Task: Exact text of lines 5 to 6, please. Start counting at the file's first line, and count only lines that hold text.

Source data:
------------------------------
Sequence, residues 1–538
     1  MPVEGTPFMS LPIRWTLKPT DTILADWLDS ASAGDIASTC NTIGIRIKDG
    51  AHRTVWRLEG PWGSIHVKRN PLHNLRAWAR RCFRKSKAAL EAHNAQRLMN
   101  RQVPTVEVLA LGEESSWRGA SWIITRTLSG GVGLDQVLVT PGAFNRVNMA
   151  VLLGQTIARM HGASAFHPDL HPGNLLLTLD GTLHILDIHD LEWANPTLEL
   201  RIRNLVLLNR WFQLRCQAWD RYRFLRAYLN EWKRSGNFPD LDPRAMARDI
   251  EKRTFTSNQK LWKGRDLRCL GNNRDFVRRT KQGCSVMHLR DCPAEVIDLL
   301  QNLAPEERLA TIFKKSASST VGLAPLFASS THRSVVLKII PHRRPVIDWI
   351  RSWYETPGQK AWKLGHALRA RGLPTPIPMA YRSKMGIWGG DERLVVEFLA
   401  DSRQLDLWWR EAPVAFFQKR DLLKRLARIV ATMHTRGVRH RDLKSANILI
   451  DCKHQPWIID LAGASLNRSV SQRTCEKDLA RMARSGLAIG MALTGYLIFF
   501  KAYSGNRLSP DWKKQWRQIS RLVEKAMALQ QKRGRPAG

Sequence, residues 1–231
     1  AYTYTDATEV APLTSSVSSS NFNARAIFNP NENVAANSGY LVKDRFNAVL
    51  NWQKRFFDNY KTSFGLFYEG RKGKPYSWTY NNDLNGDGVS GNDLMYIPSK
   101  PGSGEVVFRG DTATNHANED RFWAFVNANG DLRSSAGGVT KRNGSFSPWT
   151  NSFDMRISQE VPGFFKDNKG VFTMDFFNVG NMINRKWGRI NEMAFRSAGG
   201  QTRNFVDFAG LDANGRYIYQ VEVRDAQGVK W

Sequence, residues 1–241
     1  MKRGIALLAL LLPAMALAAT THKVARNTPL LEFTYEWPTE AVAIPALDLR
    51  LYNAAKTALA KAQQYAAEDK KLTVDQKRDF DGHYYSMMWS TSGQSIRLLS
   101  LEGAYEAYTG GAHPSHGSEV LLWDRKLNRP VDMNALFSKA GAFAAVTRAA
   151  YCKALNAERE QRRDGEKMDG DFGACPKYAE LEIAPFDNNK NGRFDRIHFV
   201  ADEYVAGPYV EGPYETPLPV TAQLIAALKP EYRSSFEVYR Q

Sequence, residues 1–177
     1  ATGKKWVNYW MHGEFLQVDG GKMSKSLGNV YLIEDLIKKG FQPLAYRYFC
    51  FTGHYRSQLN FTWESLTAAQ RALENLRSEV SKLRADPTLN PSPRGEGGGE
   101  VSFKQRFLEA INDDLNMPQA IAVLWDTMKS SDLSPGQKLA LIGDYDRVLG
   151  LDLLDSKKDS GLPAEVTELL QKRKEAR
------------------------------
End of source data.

   151  VLLGQTIARM HGASAFHPDL HPGNLLLTLD GTLHILDIHD LEWANPTLEL
   201  RIRNLVLLNR WFQLRCQAWD RYRFLRAYLN EWKRSGNFPD LDPRAMARDI